I’ve been away from the computer for most of the last week, but now I’m back with a slightly longer poem than I usually write.
At five o’clock the fire is lit.
Around the table we all sit,
With buttered bread and eggs and ham,
With cups of tea and cake and jam.
The idle talk is of the day,
The work now done, the latest play,
And ‘Anything to watch tonight?’
Or in the warmth and soft lamplight,
Perhaps we’ll read and play a hand,
Of whist, or bridge, you understand.
And ‘Don’t forget, at half past nine,
The radio – it’s music time.’
Then bank the fire, put out the lights,
The household settles for the night.
The heat blasts out in every room,
And lights and games and TVs soon
Take over so completely that
It’s pointless even trying to chat.
The sounds of gunfire, screaming cars,
Exploding buildings, and on Mars
The aliens armed with laser beams,
Are killed on several different screens
In different rooms by different boys,
With highly deadly killing toys.
The evening mealtime’s such a treat,
With pizza, chocolate, crisps and sweets.
Although it seems they all are eating
Different things at different sittings.
‘A cup of cocoa? I don’t think
That that will do, an energy drink
Is what I need, the evening’s young,
And there’s still much that’s to be done.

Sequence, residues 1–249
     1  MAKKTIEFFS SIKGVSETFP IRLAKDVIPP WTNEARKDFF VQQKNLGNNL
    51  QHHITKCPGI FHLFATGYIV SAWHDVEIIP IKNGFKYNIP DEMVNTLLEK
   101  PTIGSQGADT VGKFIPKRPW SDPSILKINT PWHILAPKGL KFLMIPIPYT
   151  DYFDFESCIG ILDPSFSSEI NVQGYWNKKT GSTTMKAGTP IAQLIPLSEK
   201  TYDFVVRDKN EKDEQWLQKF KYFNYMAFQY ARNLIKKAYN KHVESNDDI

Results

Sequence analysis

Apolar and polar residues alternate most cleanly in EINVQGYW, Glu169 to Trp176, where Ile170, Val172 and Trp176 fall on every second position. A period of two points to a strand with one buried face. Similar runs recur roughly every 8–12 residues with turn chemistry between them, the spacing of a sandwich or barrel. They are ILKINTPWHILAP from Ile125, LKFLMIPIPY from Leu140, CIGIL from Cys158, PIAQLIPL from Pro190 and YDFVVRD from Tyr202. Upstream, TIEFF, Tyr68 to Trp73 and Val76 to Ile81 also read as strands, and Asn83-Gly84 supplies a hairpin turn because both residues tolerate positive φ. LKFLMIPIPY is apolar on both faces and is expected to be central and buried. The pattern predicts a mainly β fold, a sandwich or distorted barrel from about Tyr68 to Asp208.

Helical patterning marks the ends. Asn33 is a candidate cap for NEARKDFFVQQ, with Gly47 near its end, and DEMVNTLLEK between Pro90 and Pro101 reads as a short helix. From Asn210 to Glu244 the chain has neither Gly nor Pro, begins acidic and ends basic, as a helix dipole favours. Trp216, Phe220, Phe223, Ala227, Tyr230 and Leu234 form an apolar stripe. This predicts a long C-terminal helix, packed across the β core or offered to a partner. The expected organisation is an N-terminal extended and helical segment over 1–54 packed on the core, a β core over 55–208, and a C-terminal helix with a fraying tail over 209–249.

And if I cannot concentrate,
Upon this game, it’ll be too late,
The zombies will have won and then
I’ll go back down to level ten.’
It’s one o’clock, they still can’t sleep.
There’s not much point in counting sheep,
‘cause they’re all battery-powered toys,
Just so much electronic noise
And moving parts all running round,
And round and round and round and round.
I’m standing now beneath night skies,
Pale silver light from fresh moonrise.
I’ve walked for almost half a day,
It takes that long to get away
now, searching for a quiet place
Where I can pause and have some space.
I’m thinking how it used to be,
At five o’clock, the time for tea.
It seems to me that what we’ve gained,
Is not worth any of the pain.
And even more what we have lost,
We should have saved at any cost.
But anyway, now it’s just me
I have my flask, I’ll pour my tea.